A 14-year-old jaguar, Nam Oy, has given birth to her 4th cub. All previous young were given to other zoos in Thailand as there are currently four jaguars at Chiang Mai Zoo. Head of public relations Rotsukon Juikamwong said the zoo has also been successful in breeding rare cranes.   An Eastern Sarus Crane, one of 15 Thai species near extinction, is brooding two eggs while an African Crown Crane has already given birth to two offspring. Officials said the zoo has toughened precautionary measures against bird flu. All cars entering the zoo are sprayed with disinfectant and movement of all birds to and from the zoo is banned.

San Diego Bay National Wildlife Refuge Conservation Plan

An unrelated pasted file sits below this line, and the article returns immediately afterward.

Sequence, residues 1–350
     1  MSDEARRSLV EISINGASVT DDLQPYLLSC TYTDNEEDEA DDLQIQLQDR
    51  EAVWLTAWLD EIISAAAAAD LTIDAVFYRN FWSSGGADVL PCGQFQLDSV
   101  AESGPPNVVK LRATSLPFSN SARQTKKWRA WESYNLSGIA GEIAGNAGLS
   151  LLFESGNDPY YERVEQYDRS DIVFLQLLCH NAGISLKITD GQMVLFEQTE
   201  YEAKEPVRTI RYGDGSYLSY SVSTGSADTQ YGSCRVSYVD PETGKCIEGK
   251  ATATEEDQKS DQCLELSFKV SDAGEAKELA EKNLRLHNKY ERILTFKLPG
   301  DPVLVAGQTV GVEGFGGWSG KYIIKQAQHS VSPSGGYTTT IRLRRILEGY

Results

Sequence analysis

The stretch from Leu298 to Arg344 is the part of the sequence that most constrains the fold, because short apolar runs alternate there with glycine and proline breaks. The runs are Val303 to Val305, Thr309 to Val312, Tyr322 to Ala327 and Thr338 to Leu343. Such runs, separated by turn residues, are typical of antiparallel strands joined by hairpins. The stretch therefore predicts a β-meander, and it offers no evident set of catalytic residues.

August 18, 2006 Federal Register Volume 71, Number 160

The U.S.F.W.S. announces that a Final Comprehensive Conservation Plan/Environmental Impact Statement for the Sweetwater Marsh and South San Diego Bay Units of the San Diego Bay National Wildlife Refuge is available for review. The Final CCP/EIS describes the Service's proposal for managing these Refuge Units over the next 15 years. ADDRESSES: A copy of the Final CCP/EIS, including Appendix P (Responses to Comments) is available on compact disk or in hard copy by writing to: Victoria Touchstone, Refuge Planner, San Diego National Wildlife Refuge Complex, 6010 Hidden Valley Road, Carlsbad, CA 92011 or by e-mailing Victoria_Touchstone@fws.gov  . You may also access or download copies of the Final CCP/EIS and associated Appendices at : sandiegorefuges.fws.gov

No Listing for 16 Insect species from the Algodones Sand Dunes
August 18, 2006 Federal Register Volume 71, Number 160